>Betty B. worte:
>Just funny this morning, my first hour's "before" drawings on the Stravinsky upside-down thing were WAY more accurate than their "after".
Experiments to improve right brain drawing practice:
For what it is worth, I feel I am sending fewer mixed messages about how to learn how to learn how to draw, if I turn over an actual thing like a huge teddy bear or another toy that they have NOT been drawing (to avoid a memorized left brain image). When I ask kids to draw the upside down things, unlike B. Edwards, I do NOT have then copy from pictures. To me it is not evil for them to copy when they draw their own for fun, but as part of learning draw in an art class, it is sending mixed messages when I continue to advocate copying (which is not really training the same neurons).
Secondly, in another change from Betty Edwards, I have them practice with a blinder (a 8 to 10 inch square of card stock with a center pencil hole) on the pencil so that it is harder to be looking at the paper as they draw. I find that after they have practiced all the contour lines of something (even if they are all disconnected lines), they can then draw the whole thing from observation without the blinder (with verbal reminders to primarily look at what they are drawing from--not the paper) much better than they could have drawn it without the prior blind practice. It is logical that after having looked carefully with the mind and hand, the ability to draw from observation will improve. In my experience, this works.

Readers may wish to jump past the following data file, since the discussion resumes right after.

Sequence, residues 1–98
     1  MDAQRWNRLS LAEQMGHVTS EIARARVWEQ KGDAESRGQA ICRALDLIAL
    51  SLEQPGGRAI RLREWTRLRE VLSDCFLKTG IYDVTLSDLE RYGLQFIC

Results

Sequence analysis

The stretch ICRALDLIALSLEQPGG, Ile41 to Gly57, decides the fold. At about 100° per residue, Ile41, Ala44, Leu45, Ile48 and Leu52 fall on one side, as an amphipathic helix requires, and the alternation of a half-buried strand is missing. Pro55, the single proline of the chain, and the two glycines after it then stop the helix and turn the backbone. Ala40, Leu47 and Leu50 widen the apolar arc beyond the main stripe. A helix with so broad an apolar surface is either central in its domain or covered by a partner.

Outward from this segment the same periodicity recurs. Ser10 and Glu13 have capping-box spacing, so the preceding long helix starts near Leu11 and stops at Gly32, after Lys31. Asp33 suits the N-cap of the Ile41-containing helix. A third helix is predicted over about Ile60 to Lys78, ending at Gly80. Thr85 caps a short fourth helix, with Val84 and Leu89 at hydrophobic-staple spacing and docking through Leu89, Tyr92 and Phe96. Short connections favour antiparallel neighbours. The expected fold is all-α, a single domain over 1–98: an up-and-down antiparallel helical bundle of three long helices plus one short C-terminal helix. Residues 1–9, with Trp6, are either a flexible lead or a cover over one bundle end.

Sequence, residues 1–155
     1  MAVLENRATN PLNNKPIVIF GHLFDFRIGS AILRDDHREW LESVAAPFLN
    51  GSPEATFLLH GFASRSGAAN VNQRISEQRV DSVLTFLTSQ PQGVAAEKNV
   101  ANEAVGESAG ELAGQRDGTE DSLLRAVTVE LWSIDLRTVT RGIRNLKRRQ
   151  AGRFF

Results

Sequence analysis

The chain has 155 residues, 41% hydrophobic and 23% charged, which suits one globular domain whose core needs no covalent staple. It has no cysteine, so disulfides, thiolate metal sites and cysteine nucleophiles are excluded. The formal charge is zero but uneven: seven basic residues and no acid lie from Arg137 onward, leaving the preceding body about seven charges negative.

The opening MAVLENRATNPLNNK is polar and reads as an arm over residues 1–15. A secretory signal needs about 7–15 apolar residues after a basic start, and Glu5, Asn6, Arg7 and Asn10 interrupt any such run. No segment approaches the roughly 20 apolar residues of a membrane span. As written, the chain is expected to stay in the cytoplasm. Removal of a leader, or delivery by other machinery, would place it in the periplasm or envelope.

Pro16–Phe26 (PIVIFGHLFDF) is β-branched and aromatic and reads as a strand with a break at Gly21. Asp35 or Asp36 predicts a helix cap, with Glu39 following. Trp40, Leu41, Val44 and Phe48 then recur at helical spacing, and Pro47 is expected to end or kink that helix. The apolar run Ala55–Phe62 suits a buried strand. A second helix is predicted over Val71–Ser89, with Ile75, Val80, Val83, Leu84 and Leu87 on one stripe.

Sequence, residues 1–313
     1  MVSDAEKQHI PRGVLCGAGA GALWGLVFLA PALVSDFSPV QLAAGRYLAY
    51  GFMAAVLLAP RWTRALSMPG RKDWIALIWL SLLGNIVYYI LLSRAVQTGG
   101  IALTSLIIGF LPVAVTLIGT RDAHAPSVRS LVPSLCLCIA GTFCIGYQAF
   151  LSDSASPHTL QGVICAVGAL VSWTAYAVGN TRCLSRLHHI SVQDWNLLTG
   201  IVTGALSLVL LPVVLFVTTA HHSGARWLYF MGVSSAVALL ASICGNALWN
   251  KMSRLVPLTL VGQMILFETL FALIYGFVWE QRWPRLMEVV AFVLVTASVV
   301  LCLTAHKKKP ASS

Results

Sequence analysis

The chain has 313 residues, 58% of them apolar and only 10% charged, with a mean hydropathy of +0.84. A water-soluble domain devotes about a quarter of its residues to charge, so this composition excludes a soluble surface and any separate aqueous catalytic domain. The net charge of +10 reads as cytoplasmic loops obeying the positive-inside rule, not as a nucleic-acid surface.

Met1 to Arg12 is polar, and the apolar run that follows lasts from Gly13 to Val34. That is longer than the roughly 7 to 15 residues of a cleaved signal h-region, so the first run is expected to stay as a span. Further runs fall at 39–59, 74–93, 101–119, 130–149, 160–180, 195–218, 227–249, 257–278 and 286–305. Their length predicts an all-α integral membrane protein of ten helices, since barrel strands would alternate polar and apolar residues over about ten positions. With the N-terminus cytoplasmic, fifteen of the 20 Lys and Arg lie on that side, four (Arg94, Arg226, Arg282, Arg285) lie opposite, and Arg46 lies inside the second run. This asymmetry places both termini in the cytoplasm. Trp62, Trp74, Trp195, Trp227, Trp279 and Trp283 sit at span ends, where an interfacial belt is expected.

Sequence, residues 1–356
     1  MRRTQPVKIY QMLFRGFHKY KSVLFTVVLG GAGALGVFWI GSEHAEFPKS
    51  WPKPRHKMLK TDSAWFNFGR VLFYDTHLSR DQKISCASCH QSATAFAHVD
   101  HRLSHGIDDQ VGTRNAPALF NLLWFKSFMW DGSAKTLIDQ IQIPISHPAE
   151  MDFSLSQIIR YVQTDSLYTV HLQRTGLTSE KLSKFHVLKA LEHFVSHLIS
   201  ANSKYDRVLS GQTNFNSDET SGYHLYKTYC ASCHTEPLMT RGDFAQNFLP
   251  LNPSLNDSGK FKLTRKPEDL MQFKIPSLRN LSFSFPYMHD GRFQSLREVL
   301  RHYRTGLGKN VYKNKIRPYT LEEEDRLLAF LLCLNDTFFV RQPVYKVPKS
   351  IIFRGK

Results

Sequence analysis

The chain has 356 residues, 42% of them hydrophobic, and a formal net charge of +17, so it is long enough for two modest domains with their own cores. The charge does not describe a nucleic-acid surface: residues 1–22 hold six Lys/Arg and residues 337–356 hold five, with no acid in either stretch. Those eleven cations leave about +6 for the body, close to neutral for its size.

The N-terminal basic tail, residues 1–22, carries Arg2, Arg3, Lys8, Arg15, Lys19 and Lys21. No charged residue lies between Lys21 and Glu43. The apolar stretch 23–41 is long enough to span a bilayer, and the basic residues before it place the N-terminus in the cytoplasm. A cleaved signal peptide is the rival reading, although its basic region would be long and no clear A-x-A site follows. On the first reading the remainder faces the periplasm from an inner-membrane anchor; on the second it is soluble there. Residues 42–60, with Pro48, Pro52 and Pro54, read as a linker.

A BLINDER PRACTICE LESSON
THE BIG BEAR is upside down (including upside down practice) --- a 2008 posting
Scroll down to see the upside down bear and drawings.